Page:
For the last few decades we’ve enjoyed one of the most buoyant economic climates in memory.
There was plenty of cash to go around, unemployment was low and credit was freely available to us. Our parents and grandparents may have lived in times where you had to save to buy the things you wanted but we didn’t – credit took care of all of our needs.
It’s fairly obvious to all of us that times have changed. The recession has hit on a global basis and the economic outlook is bleak for the next few years at least. Unemployment is rising, people are losing their jobs as businesses fold and credit is hard to come by even if you feel brave enough to apply for it.
The major problem here is that we simply don’t know how to cope in a tight market. For so long we’ve not had to worry about money and our spending but now we need to. The problem is…..few of us actually know anything about managing our finances when money is tight, credit is non-existent and the very bottom of our finances could be kicked from under our feet.
It is absolutely vital now that we revert back to more traditional ways of money management. This applies to us, as adults, and to our children in the education system. The best way to weather this kind of financial market is to have the right financial education in place so that we understand how to budget, how to manage our money and how to save for emergencies or for those rainy days that will still keep coming for the next few years.
This is a problem for us now but it may be an even bigger problem for the next generation who simply cannot remember lean times and who, to be honest, generally have no idea of sensible financial management practises. Schools nowadays are taking measures to help their pupils become more financially aware and budget conscious but much of this education process will also come from their home environments.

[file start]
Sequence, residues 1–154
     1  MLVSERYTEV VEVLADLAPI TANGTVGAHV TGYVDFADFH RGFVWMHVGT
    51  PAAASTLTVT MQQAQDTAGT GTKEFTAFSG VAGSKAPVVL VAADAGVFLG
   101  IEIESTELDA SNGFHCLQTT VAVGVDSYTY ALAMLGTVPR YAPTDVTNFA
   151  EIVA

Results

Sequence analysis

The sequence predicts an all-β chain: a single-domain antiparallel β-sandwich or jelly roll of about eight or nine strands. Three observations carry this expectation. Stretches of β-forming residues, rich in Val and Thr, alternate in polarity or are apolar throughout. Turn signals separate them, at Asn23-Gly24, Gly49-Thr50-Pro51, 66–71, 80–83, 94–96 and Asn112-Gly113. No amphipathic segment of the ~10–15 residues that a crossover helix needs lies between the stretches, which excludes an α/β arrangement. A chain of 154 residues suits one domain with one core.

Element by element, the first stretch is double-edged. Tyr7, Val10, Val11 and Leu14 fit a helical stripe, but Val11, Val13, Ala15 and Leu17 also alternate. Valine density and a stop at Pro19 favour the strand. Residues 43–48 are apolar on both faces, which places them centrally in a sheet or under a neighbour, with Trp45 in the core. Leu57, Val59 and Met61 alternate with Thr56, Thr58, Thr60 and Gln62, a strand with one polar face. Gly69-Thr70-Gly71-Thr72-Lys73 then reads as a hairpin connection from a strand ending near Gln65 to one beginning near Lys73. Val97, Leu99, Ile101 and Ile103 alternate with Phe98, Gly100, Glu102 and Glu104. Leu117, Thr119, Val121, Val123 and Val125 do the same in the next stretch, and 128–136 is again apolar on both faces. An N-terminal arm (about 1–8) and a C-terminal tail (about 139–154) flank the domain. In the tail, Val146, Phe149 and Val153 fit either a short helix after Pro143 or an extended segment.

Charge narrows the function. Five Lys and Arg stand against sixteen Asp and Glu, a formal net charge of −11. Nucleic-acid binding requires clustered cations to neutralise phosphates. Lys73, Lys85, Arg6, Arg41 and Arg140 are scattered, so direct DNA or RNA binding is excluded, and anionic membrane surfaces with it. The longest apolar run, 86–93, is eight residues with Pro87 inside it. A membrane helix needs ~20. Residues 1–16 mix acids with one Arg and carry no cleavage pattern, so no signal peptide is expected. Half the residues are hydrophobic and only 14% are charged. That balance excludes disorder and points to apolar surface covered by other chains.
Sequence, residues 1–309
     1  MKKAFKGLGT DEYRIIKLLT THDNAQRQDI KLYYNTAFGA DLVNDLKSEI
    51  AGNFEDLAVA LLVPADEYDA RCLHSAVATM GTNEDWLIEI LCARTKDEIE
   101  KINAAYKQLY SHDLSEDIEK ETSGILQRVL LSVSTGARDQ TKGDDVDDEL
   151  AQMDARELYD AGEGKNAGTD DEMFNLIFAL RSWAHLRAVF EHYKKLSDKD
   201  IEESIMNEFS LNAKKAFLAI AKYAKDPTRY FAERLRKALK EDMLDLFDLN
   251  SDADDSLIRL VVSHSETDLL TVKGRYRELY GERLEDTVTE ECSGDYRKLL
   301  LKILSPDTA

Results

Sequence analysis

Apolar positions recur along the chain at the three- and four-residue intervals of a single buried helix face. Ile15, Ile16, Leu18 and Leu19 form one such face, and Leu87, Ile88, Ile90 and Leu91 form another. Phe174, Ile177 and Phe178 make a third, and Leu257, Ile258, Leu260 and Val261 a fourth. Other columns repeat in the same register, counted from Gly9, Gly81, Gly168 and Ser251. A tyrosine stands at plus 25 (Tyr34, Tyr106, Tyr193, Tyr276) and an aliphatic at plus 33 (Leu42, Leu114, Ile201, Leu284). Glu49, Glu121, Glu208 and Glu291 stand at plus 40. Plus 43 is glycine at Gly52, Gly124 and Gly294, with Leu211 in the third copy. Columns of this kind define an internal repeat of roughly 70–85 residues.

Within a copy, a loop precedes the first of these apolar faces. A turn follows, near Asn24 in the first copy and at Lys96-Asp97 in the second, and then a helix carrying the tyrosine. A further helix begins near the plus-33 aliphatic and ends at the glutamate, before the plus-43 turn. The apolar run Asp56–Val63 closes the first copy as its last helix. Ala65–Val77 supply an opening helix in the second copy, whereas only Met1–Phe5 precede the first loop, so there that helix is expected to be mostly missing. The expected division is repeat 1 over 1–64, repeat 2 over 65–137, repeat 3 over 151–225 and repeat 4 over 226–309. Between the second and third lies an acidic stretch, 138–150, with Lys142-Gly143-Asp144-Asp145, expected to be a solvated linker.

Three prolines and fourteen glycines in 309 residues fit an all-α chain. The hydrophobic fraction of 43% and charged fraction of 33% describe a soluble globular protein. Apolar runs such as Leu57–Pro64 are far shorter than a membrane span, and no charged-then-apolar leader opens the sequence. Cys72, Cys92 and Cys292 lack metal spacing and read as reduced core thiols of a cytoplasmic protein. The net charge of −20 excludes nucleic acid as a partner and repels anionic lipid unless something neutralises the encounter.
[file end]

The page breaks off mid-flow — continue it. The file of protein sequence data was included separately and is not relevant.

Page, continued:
is that it is never too late to start to learn how to manage your money and to spend within your means. You can take that step right now by putting together a basic budget and spending/savings plan. All you have to do is to:
- Work out how much money you have to spend every month.
- Work out how much you need to spend on essential payments such as mortgage/rent, utility bills, council tax and food, for example.
- Assess how much of the money left over you spend each month on non-essential items that you could actually do without.
- Set aside savings you can make here and start saving them for a rainy day.
The point here is that we all have to learn to live within our means. You can extend this lesson to your children with their pocket money. Try paying them on a monthly rather than weekly basis and give them strict guidelines on what you will pay for over and above their leisure/social spending. A couple of months of spending all their allowance at once and having no money for the rest of the month will soon teach them a very valuable lesson!